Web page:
regular basis, it's one of his favorite memories. Needless to say, being
married to a "Railroader" our family has done a lot of train rides in
the west. Our next, The Grand Canyon Railway next month on vacation.
are as much a part of American history as the cowboy. Train travel
diminished once airplane travel became much more commonplace. Traveling
by train is so much more leisurely and relaxed, I thoroughly enjoy it!
Connie Hopkins

Go Warren Buffett's Berkshire Hathaway bought $34,000,000,000 Value in Burlington Northern: Moves more freight and passengers on less Fossil Fuel than diesel big trucks.

When Mr Buffett's B/H acquired us, our retirement funds (our stock options) perked up quite a bit so needless to say, we were/are happy campers! The railroad has been very good to us!

Connie, My husband and I and another couple traveled on the Grand Canyon Railway September of last year and it was WONDERFUL.  We upgraded to the next highest level (can't remember the name) fron the base fare and it was well worth it.  The food they provide is fresh and there is plenty of it for breakfast on the way to the Grand Canyon and cheese, crackers and fruit on the way back and all the bottled water you want...they urge you to take them with you when you get off at the Grand Canyon.  It was included in the price and we were very happy with this trip. The hotel there is very nice too...don't miss the wild west show before the train ride! This September we are traveling on the Heber Valley Railway in Utah which will drop us off for the new Zip-Line Adventure...can't wait...we love trains too and have a house full of model trains and layouts.  Enjoy...and let me know about other trips you've taken and how you like the Grand Canyon Railway.  Whoooowhoooo! 

Hey Winky!
This will be my first time on the GCR, my husband did it for his team members 3 years ago when he planned their annual staff meeting. We are driving from Dallas to AlbQ and spending the night there and then finishing the drive into Williams the next day, staying at their hotel that night. We'll ride in on the train and I'll definitely look for the Wild West Show, I vaguely remember my husband mentioning it when he went. We'll actually come back out on the train but go back in using our own car. We're stayng at El Tovar 2 nights and then off to the North Rim. After our time at Grand Canyon, we'll head back to Bryce and then Arches.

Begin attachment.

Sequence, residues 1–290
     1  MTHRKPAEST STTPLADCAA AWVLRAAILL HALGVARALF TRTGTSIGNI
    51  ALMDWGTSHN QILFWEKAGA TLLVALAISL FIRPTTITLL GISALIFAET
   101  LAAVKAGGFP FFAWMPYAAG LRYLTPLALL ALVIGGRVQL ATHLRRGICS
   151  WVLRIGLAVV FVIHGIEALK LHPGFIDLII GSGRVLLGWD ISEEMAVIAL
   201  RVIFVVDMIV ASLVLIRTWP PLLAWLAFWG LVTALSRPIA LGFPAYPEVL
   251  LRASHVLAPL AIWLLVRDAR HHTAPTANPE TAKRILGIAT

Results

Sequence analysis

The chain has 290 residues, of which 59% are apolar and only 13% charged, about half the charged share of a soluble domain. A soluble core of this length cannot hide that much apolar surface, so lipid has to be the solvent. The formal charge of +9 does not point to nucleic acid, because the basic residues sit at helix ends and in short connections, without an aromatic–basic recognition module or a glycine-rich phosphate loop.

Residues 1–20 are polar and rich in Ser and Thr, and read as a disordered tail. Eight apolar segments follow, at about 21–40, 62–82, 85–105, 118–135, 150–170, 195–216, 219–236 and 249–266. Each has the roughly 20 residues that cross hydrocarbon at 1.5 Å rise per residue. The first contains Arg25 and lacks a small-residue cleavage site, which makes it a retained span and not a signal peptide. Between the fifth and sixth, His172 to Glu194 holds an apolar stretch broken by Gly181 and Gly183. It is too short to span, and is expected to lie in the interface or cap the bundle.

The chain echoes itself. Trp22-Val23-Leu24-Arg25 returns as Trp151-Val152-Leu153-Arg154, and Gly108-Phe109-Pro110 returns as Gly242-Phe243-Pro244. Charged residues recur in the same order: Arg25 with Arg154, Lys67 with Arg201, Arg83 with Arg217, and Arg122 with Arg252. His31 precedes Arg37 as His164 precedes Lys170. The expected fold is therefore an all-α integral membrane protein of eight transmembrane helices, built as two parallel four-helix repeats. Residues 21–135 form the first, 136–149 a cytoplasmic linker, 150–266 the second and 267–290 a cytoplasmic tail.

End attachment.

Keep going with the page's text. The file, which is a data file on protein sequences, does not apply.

We spend a lot of time at Yellowstone, Glacier, Yosemite, Banff, Jasper as well as these SW Parks.
Train rides we've done:
Georgetown Loop
Cumbres & Toltec
Durango Silverton
Leadville, Colorado and Southern
The Heber Valley sounds like a lot of fun!! Whoooowhoooin deed! :- )
Royal Gorge

I spent two summers in the '50s working at Glacier Park Lodge for the Great Northern as a passenger agent. A nice job for a college student. The Great Northern line, now BNSF is the only rail line serving a National Park directly. And Amtrak has its problems dealing with the freight-only lines. The BNSF delayed Amtrak one day this past summer nearly 18 hours! Glacier Park passengers had been moved off the train and onto buses somewhere up the line from the east. The Great Northern, by the way, was the only railroad that laid its tracks from one end to the other with very little federal government help. Louis Hill bought the right-of-way and all adjacent land with his own checkbook. He also bought the Northern Pacific, and 49% of the Burlington...hence the nickname of the those lines, "The Hill Lines" or "The Hill Roads." In the '50s the GN would run two or three extra old heavyweight sleeper  cars for tours. Today few people get off the Empire Builder. On the day I was there this past summer no one got off...having been brought in on those emergency buses. Hard to imagine that when I worked there the platform was jammed. These days almost now passenger traffic. Too bad...Going To The Sun Road, across the Divide was so slow we had to stop several time because of traffic jams!

The Empire Builder does not go to Michigan - never did. I suspect the writer means they took the Builder back to Chicago where they changed trains.